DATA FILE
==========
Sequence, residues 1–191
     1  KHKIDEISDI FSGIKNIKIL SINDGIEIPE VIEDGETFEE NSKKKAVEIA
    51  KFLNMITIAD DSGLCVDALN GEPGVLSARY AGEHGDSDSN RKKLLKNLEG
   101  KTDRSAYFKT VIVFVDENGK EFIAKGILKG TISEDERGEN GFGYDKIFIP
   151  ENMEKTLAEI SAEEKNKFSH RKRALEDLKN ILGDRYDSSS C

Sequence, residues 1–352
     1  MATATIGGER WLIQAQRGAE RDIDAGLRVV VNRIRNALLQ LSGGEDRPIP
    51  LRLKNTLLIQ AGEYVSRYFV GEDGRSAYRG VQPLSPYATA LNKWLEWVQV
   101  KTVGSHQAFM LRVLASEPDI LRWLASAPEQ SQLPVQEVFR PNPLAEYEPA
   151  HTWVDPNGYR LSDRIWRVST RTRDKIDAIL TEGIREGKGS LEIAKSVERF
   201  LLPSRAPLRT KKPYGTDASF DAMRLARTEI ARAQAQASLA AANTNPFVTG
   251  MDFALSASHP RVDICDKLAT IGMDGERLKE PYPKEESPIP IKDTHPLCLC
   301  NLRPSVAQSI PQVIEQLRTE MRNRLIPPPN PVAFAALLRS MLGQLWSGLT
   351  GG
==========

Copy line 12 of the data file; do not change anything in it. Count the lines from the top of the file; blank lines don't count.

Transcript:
   251  MDFALSASHP RVDICDKLAT IGMDGERLKE PYPKEESPIP IKDTHPLCLC